Britain has become a divided nation between those who wanted to stay within the European Union and those who wanted to leave.
It represents the society of today. ‘The fault line in contemporary politics is those between who embrace globalisation and those who fear globalisation.’ (TED, 2016) There have been many incidents that have shocked me to the core that represent the divided nation of today.
During the Brexit campaign, the media and political people portrayed the image of immigration and refugees negatively. ‘Demonized immigrants by spreading fictitious scare stories’ (Versi, 2016) The campaign was misleading and made people believe migrants and refugees are bad. An example of that is the UKIP migrant poster ‘accused UKIP of trying to scare voters ahead of Thursday’s EU referendum’ (Michael Gove ‘shuddered’ at UKIP migrants poster – BBC News, 2016) There are many different cultures and religions in the world, the stereotypes have been reinforced to sway people’s response and reactions to achieve an outcome of a divided nation. There are ever more borders, discrimination and racist abuse.
Another reason showed Britain is becoming over populated and there are not enough jobs ‘Almost 50% of the population believe immigration has a negative impact on the British economy… fearful that fresh waves of migrants will take their jobs or their children’s school places’ (Versi, 2016) The fear that is used to control the outcome and gain votes for their own self-worth is leading back to old habits of borders and control.
The amount of fear inflicted about the open borders to European countries and the conspiracies around refugees gaining access to benefits and employment could be another reason to sway the vote. ‘In 2015 alone, the number of immigrants living in the UK increased by 184,000.’ (AJ+, 2016) It was astounding that the morning on 24th June 2016 Britain voted to leave the European Union. Hate crimes against immigrants increased more than ever.
There has been a rise in physical and verbal abuse in many areas of Britain and it’s scary to think about. ‘one of more than 100 reports of racist incidents since the EU referendum’ (Versi, 2016) There have been very extreme cases like ‘Polish man was murdered in what Essex Police are treating as a hate crime incident’ (Mortimer, 2016) It’s scary to know that maybe I can’t identify with my country as I thought I could, I thought people around me were open and understanding.
I study at Coventry University, which is located in the west midlands and it turns out that West Midlands ranked among the highest areas of the country to want to leave the European Union.
London is where I am originally from, voted to stay. The many reasons I believe is that London is more exposed globally and there are many more nationalities and cultures that are shared and experienced.
I have been fortunate enough to live in London, a very diverse city and travel to experience many different cultures and races. I, myself am Turkish and was born and brought up in a western culture my whole life.
I have an open mind and believe there are many beauties to be discovered and learnt from diverse people. Everyone is different and it is interesting on how perceptions are different due to our very own unique narrative called life.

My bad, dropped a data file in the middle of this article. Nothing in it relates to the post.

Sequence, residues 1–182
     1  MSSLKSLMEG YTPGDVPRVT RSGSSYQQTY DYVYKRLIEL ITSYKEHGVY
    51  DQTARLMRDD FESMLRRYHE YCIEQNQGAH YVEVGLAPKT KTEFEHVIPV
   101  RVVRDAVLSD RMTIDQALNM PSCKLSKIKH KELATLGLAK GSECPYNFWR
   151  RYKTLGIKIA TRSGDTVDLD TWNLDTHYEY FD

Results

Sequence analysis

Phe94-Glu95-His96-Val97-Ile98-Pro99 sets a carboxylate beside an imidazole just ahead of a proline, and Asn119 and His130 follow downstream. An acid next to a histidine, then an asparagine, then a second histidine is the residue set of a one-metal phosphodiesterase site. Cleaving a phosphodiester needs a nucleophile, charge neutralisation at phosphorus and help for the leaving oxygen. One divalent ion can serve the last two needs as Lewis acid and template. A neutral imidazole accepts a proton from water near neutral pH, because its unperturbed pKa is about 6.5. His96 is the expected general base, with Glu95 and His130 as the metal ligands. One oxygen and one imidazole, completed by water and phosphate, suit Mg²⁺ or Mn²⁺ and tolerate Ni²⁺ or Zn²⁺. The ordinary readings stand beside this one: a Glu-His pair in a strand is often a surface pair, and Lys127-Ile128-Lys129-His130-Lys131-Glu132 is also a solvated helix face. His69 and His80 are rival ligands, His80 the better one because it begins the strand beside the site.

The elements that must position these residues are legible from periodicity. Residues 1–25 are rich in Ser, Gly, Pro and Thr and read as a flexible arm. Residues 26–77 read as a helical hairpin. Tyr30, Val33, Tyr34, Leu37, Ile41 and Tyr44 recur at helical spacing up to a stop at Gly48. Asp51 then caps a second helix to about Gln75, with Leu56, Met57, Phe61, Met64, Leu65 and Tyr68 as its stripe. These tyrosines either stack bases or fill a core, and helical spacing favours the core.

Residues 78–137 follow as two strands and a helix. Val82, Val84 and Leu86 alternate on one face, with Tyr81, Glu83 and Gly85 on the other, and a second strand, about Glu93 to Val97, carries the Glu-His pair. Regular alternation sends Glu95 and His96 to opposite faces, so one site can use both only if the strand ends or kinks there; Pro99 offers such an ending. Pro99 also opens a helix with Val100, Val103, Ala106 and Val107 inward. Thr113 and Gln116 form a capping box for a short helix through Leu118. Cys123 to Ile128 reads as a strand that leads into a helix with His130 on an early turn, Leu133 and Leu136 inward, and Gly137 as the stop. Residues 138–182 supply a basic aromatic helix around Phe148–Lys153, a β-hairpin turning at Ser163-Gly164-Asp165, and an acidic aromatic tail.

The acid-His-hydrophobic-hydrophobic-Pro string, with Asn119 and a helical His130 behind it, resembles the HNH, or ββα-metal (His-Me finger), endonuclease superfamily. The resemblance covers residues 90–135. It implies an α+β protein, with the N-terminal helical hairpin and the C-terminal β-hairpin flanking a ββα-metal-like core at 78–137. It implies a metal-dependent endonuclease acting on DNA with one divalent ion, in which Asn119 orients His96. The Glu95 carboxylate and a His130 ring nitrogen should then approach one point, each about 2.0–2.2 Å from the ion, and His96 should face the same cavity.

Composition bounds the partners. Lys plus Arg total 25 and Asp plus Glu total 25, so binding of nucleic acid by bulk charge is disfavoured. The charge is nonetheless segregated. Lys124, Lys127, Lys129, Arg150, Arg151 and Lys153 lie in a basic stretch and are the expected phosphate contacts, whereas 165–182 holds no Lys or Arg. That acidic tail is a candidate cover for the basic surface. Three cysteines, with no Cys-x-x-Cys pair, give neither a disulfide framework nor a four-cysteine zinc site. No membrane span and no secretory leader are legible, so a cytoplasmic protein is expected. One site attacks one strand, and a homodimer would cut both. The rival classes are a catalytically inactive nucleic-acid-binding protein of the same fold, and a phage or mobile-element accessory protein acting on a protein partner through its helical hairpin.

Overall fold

In Coventry University itself is globalisation and encourages through many programs like Lingui Mundi and CGE. (Centre of Global Engagement) I am fortunate enough to go to university and have a chance to experience what it has to offer. I have gained friends from different backgrounds and countries and have a diverse way of looking at things.
However there may be people that can’t/haven’t gone to university and don’t get the chance to travel ‘they may be unpersuaded by the narrative we find persuaded’ (TED, 2016)
I want to be able to encourage and share my view of how I look at the world with admiration to learn and the curiosity I have. I want to develop an idea that I can share my perception and bring my audience with me to look through my eyes. I want to encourage globalisation and share an insight into the diverse culture we have in the United Kingdom today. I want to encourage people to be more globalised and understanding of one another and laminate hate by allowing people to find that love and curiosity to know more. Our identities shouldn’t define who we are but encourage working altogether to become globalised.
AJ+, (2016). Is Brexit Really About Keeping Muslims Out?. Available at: https://www.youtube.com/watch?v=t2WEkF6BsGU [Accessed 17 Feb. 2017].
Michael Gove ‘shuddered’ at UKIP migrants poster – BBC News. (2016). [online] BBC News. Available at: http://www.bbc.co.uk/news/uk-politics-eu-referendum-36570759 [Accessed 17 Feb. 2017].
Mortimer, C. (2016). Hate crimes consistently rising after Brexit, new figures show. [online] The Independent. Available at: http://www.independent.co.uk/news/uk/crime/brexit-hate-crime-racism-eu-referendum-poland-islam-more-in-common-a7231836.html [Accessed 18 Feb. 2017].
TED, (2016). Why Brexit happened — and what to do next | Alexander Betts. Available at: https://www.youtube.com/watch?v=dcwuBo4PvE0 [Accessed 18 Feb. 2017].
Telegraph, (2016). Revealed: The most eurosceptic and europhilic areas in the UK. [image] Available at: http://www.telegraph.co.uk/news/2016/06/24/revealed-the-most-eurosceptic-and-europhilic-areas-in-the-uk/ [Accessed 21 Feb. 2017].
Versi, M. (2016). Brexit has given voice to racism – and too many are complicit | Miqdaad Versi. [online] The Guardian. Available at: https://www.theguardian.com/commentisfree/2016/jun/27/brexit-racism-eu-referendum-racist-incidents-politicians-media [Accessed 18 Feb. 2017].